The Challenge: Learning to Relax in Si Phan Don

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You know what’s worse than being woken up by a rooster?  Being woken up by a cow and baby who are currently having a scream-off.





Welcome to Si Phan Don.

I came to Laos’s Four Thousand Islands, or Si Phan Don, knowing very little about them.  I knew they were nestled into the Mekong, just north of the Cambodian border, and that they were extremely rural.

24-hour electricity arrived only this year. There were no banks or ATMs.  I had no idea if there was WiFi…or even internet!

Strangely, despite this lack of infrastructure, word had it that Don Det was a sort of “party island.” That’s all I needed to hear.

I arrived on Don Det, promptly checked into a $3/night bungalow with a view of the sunset, and decided to explore the island.

Beauty everywhere.  An extremely rural beauty.

Like everywhere else in Southern Laos, animals roamed free: from cows, goats, and pigs to kittens, dogs, and chickens herding their flocks.  You have to look out for overzealous hogs running through the grass!

Once you got away from the backpacker-filled northern tip of the island, Don Det gave way to ramshackle bungalows on stilts and four-generation families cooking together.

After a lunch watching the boat races at Don Khon and drinking a mojito made from Lao moonshine (don’t ask), I strolled back, deciding to take a few minutes in the internet cafe.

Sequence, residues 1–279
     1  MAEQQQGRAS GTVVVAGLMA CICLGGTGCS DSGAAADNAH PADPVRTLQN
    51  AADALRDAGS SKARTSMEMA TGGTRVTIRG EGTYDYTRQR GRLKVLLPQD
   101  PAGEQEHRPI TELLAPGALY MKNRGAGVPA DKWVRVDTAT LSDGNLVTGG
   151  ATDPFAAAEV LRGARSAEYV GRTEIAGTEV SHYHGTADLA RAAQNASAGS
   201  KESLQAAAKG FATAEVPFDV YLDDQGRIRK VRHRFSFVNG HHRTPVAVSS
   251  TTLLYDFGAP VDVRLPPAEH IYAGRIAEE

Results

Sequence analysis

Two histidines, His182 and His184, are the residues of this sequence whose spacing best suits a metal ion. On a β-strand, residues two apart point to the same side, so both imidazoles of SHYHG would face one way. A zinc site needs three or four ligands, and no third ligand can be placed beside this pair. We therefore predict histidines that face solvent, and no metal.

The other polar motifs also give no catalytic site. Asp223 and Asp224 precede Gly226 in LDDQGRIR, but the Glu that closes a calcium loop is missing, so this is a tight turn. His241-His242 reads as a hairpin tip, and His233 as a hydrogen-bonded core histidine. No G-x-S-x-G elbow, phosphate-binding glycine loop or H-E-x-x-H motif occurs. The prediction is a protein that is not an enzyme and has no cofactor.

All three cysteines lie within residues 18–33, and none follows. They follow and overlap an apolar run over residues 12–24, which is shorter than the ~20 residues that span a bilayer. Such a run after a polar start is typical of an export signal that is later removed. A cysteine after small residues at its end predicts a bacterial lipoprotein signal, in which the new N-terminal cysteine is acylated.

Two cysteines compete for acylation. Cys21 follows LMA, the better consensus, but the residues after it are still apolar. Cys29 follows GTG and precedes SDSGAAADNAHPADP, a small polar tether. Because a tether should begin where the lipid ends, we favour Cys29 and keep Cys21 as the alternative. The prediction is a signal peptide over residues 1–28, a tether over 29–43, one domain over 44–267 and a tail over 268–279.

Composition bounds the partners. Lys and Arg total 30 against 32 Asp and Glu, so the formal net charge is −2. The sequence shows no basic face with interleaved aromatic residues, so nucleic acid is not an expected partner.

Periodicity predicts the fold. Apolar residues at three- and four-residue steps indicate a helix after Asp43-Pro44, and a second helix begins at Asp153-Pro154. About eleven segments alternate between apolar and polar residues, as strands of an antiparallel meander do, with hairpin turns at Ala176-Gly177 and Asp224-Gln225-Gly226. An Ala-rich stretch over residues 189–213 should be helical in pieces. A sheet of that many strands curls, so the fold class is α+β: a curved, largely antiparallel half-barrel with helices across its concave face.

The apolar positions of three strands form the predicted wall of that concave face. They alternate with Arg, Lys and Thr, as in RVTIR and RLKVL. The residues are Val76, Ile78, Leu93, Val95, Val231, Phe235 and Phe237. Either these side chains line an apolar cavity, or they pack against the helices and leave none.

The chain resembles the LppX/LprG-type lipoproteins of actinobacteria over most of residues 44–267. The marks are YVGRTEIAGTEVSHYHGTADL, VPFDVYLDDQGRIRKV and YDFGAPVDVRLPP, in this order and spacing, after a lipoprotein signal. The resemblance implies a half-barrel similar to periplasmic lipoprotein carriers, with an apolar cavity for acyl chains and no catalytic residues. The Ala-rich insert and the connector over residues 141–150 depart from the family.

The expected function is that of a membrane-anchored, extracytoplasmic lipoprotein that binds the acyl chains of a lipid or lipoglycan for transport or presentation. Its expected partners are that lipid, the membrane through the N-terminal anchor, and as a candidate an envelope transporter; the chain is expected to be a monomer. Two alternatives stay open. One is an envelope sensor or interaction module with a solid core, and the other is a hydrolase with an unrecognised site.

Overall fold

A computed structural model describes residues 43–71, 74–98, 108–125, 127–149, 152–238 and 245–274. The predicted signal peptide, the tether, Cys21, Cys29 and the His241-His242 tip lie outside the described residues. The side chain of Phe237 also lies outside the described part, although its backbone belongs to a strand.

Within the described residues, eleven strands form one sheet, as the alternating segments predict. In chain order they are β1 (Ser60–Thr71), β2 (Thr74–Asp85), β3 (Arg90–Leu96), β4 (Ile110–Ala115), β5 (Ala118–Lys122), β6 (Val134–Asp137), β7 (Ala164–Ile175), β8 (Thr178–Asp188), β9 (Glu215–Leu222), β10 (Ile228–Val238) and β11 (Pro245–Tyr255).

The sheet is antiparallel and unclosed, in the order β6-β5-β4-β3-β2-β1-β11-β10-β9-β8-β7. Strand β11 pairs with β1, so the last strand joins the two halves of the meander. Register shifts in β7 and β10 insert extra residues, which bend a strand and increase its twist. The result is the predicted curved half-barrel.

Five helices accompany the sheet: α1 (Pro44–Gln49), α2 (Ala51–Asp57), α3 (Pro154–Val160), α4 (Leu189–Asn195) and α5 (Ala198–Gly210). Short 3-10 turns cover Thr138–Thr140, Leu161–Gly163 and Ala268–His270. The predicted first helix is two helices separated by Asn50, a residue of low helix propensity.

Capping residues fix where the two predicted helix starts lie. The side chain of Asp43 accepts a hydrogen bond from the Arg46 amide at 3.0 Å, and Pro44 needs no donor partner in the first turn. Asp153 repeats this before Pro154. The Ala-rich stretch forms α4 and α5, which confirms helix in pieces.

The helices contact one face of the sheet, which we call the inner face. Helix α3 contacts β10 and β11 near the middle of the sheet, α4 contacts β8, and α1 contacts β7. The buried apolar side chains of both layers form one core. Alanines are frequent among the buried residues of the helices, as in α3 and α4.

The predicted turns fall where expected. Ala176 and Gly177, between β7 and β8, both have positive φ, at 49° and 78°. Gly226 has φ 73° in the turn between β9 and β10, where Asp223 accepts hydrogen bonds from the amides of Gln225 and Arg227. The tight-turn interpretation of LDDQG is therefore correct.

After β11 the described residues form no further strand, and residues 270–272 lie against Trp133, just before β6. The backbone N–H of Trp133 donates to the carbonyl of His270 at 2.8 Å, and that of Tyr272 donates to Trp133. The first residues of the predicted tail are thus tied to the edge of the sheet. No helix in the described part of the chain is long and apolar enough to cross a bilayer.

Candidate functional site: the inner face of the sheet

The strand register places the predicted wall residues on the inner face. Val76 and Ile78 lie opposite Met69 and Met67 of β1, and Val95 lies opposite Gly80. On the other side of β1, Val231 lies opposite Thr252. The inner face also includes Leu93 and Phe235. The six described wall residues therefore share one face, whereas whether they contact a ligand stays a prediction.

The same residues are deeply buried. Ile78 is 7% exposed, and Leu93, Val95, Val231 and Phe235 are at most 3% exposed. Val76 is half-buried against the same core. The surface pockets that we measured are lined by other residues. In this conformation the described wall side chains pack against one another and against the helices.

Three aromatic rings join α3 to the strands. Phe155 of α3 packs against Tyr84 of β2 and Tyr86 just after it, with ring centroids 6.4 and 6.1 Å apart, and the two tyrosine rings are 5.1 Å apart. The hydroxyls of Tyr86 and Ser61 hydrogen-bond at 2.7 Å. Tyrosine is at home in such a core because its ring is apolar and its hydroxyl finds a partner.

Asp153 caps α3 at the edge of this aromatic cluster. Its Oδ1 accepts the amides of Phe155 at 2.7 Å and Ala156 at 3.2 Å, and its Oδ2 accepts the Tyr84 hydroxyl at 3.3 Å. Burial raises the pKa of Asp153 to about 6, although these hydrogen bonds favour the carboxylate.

What I found there horrified me.

It was bad enough that internet access was $3 per hour, the same as my bungalow’s nightly rate!  But it got worse — there was no access to Gmail.  Or Facebook.  Or Twitter.  Or Hootsuite.  Or  (Strangely, the only site I could pull up was A Dangerous Business, for whom I had recently guest posted!)

I would die surrounded by goats and chickens, and nobody would be the wiser.

That’s when it hit me — I had no CHOICE but to relax and enjoy the setting. There was NOTHING else to do.  I had no SIM card or phone plan for Laos, so a phone card wouldn’t have helped.  There were no real beaches.  There were some cafes, but obviously none had WiFi.


I’m not one to relax. If ever I’m going to sit down, I might handle it for a few minutes before needing to grab my iPhone, or write in my journal, or get some kind of work done. I need to be doing something at all times.

But I could try to let go for once.

And that’s when I got into my hammock.

Oh, God.  It was like a happiness I had never known.

Maybe this is why I had never been able to relax…I had never done so before in a hammock.  Yeah, I’ve been in hammocks before…but not like this.  Was it being so far from everything?  Was it that there was no internet?

I didn’t care.  I proceeded to not move for the rest of the afternoon.

One more full day on the island, then I’d leave for Phnom Penh the day after that.  I could deal without internet for that long…couldn’t I?